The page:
Over at Think Progress, Matthew Yglesias recounts a Twitter exchange regarding the meaning of “victory” in Iraq and Afghanistan, putting “victory” in sneer quotes in the title. Near the end of his essay, he says:

A big part of what Bush & Petraeus did around the time of the surge was pivot off their political adversaries to successfully redefine “victory” as what Bush would have called “defeat” back in 2005, while portraying that scale-down of objectives as an act of stubborn defiance.

Now, I know that this has become the Conventional Wisdom and has been thoroughly embedded in Teh Narrative™, but it’s not only wrong, it’s bullshit.

One of the consistent lines of thought regarding all foreign affairs, especially as to peoples and nations who oppose us, is the notion of root causes, the basic motivators for hostility or attacks. For Leftoids, the root causes are always the same — poverty resulting from American Imperialism, oppression, and disdain for the aspirations of poor brown people — and the proper way to address the root causes and eliminate the hostility is always the same — Embrace Diversity™, recognize the inherent worth of all peoples everywhere, and send huge piles of money (no, bigger, bigger, still not enough, send more). This has the advantage of being simple, straightforward, and universally applicable. The Leftoid need not think further about the matter.

The Leftoid view is binary: there’s us (and our fellow Westerners, sometimes), and there’s Oppressed Brown People©, with the latter group being homogeneously united in the single motive of Resistance to Oppression™. For those of us who do think about the matter, the situation becomes more complex. There are many peoples in the world; there are many sets of aspirations and desires; and often enough various factions of Oppressed Brown People© are opposed to the aspirations and desires of other factions. Different peoples respond differently to different sorts of pressure, be the pressure force or blandishment, and a nuanced approach to “root causes” would take those factors into account.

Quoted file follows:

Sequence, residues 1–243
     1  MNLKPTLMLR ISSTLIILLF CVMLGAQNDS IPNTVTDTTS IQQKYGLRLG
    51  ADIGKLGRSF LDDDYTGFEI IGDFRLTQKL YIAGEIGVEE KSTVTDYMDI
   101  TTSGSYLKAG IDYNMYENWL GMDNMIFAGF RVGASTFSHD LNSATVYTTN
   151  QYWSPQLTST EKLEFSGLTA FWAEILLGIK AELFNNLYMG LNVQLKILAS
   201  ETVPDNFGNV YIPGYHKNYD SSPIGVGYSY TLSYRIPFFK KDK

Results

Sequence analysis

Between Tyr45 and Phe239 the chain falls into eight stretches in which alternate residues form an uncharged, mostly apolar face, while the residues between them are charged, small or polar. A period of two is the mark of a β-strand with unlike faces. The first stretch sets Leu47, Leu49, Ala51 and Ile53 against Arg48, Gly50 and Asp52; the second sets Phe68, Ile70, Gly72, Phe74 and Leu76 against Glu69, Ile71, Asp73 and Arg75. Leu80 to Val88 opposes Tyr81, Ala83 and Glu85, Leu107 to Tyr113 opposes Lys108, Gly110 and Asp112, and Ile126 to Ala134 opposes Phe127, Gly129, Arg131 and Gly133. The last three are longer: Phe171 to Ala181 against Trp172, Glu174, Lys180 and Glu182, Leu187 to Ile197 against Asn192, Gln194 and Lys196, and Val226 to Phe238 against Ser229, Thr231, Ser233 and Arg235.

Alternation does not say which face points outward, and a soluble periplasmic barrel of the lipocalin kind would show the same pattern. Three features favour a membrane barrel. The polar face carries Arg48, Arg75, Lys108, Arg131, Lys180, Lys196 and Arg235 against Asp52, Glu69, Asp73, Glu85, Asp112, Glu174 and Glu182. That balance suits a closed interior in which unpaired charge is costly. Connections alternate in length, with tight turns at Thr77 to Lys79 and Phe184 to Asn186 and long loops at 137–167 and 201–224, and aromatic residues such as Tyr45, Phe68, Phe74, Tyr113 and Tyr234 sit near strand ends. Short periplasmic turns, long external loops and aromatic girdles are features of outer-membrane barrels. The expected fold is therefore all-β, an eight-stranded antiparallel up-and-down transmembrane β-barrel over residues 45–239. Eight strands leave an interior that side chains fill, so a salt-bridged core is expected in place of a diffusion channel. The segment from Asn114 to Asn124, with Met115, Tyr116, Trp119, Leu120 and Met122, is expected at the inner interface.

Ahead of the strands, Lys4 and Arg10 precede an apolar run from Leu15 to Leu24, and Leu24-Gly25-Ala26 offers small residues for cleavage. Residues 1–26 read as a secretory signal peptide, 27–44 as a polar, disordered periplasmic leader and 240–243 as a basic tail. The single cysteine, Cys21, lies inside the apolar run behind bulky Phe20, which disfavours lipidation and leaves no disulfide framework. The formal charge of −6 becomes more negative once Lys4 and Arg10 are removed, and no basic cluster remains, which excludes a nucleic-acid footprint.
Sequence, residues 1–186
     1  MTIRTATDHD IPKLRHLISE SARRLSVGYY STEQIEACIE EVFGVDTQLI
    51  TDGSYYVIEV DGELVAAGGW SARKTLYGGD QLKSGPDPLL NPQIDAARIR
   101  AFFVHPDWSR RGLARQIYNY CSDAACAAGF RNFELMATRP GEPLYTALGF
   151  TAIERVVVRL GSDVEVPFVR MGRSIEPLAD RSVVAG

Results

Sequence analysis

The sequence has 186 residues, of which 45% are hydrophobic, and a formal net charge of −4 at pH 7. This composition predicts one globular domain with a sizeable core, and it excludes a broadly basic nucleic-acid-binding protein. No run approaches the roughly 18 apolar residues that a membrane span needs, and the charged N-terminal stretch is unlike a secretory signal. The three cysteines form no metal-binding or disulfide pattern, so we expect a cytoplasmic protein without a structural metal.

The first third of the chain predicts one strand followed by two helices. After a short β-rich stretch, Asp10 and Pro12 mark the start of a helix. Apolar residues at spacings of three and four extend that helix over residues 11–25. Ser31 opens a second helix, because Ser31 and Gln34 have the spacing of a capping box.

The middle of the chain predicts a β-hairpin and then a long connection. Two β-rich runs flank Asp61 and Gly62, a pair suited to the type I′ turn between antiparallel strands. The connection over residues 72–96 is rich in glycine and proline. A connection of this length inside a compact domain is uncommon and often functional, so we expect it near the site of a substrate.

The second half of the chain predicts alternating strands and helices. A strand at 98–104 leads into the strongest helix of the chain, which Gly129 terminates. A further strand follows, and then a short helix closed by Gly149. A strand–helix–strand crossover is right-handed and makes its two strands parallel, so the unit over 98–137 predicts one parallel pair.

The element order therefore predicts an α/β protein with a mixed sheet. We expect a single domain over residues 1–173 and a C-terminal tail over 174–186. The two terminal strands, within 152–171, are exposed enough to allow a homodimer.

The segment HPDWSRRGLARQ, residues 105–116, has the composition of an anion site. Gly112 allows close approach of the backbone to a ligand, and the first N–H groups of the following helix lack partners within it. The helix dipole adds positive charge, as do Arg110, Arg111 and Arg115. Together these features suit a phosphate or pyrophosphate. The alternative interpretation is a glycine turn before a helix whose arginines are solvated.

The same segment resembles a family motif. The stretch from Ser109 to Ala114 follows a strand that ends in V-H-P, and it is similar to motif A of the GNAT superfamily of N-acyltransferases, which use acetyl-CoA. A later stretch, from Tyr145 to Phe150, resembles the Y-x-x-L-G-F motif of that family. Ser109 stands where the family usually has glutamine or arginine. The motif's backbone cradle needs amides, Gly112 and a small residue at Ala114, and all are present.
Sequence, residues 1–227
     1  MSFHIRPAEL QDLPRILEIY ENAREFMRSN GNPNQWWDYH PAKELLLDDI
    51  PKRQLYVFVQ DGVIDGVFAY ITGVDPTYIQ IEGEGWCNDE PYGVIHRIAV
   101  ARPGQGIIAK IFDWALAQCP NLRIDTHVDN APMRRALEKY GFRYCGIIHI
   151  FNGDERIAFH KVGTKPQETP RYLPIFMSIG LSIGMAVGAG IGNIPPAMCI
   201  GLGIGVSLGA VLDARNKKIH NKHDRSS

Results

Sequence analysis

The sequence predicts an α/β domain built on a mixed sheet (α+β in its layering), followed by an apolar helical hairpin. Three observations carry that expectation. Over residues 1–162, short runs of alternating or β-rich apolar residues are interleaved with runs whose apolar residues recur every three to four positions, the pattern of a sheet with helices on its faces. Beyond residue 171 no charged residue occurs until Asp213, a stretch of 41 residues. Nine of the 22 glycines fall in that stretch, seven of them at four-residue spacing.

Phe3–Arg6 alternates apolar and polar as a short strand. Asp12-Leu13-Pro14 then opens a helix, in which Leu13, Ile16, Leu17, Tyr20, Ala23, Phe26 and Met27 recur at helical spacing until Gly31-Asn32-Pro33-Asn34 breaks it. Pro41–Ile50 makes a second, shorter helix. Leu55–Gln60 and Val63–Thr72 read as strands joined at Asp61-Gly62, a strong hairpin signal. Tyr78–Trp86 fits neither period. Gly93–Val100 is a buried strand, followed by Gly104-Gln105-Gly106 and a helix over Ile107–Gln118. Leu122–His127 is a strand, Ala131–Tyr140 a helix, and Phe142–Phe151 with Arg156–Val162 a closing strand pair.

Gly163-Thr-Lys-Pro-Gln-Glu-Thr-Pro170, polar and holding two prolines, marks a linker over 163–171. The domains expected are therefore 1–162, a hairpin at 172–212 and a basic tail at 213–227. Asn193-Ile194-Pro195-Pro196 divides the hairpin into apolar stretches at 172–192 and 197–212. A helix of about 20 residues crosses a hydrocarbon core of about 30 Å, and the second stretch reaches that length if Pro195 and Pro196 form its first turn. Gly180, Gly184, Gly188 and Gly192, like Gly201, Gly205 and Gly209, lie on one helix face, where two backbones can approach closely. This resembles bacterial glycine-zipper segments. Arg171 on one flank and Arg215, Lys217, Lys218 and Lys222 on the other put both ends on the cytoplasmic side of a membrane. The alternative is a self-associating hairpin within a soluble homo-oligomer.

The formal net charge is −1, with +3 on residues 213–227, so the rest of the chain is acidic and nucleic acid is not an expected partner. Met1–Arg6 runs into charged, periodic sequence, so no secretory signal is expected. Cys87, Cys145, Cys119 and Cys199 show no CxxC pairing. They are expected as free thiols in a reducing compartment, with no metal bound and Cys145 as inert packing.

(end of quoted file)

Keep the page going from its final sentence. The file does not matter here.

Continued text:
“Bush’s War” was and remains such a nuanced approach to root causes, which he and his advisors (and I) see as being quite different from the simplistic version cited by the Left. In that view the relevant root cause was Saddam Hussein’s oppression of the Iraqi people and his vainglorious self-aggradizement, and the proper redress of that root cause was to remove Saddam and help the Iraqi people set up a regime that drew “…its just powers from the consent of the governed.” That was the goal of the invasion and subsequent unpleasantness, it remained the goal throughout Bush’s term of office, and for the men and women still fighting there it remains the goal, although the Current Administration appears to have either lost sight of it or never appreciated it in the first place — like our friend Matthew.